Press "Enter" to skip to content

Your Deceptive Mind: A Scientific Guide to Critical Thinking Skills by Professor Steven Novella

I believe that critical thinking is going to be the most important skill my son will ever have. The ability to think for himself and make good decisions quickly based upon what he knows while being able to change his decisions based upon new information when it is available.

Your Deceptive Mind is a part of The Great Courses: Professional series and is made up of 24 lectures given by Professor Steven Novella.

There are some nuggets of wisdom in these lectures, but I do not feel like there were any breakthrough ideas or innovations. Just a lot of reasons why most people have such a hard time thinking critically and being rational in their decision-making.

The contents are interesting and the professor is a very good speaker, but I do not feel like my ability to think critically has been much improved by listening to these lectures.

From the publisher:

No skill is more important in today’s world than being able to think about, understand, and act on information in an effective and responsible way. What’s more, at no point in human history have we had access to so much information, with such relative ease, as we do in the 21st century. But because misinformation out there has increased as well, critical thinking is more important than ever.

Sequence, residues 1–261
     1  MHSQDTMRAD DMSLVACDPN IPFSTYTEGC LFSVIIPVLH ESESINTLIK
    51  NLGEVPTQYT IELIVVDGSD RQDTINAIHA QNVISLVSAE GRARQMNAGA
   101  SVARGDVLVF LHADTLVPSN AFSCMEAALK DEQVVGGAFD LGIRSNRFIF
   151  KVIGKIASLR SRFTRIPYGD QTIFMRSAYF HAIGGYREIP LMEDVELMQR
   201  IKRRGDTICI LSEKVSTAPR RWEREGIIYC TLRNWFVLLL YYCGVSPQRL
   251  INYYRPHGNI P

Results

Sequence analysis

These 24 rewarding lectures equip you with the knowledge and techniques you need to become a savvier, sharper critical thinker in your professional and personal life. By immersing yourself in the science of cognitive biases and critical thinking, and by learning how to think about thinking (a practice known as metacognition), you’ll gain concrete lessons for doing so more critically, more intelligently, and more successfully.

The key to successful critical thinking lies in understanding the neuroscience behind how our thinking works – and goes wrong; avoiding common pitfalls and errors in thinking, such as logical fallacies and biases; and knowing how to distinguish good science from pseudoscience. Professor Novella tackles these issues and more, exploring how the (often unfamiliar) ways in which our brains are hardwired can distract and prevent us from getting to the truth of a particular matter.

Along the way, he provides you with a critical toolbox that you can use to better assess the quality of information. Even though the world is becoming more and more saturated information, you can take the initiative and become better prepared to make sense of it all with this intriguing course.

Disclaimer: Please note that this recording may include references to supplemental texts or print references that are not essential to the program and not supplied with your purchase.

©2012 The Teaching Company, LLC (P)2012 The Great Courses

I rate this audiobook a 6 out of 10 and only recommend it to those who are looking for a scientific take on the mistakes people make when making decisions.

Be First to Comment

Leave a Reply

Your email address will not be published. Required fields are marked *

This site uses Akismet to reduce spam. Learn how your comment data is processed.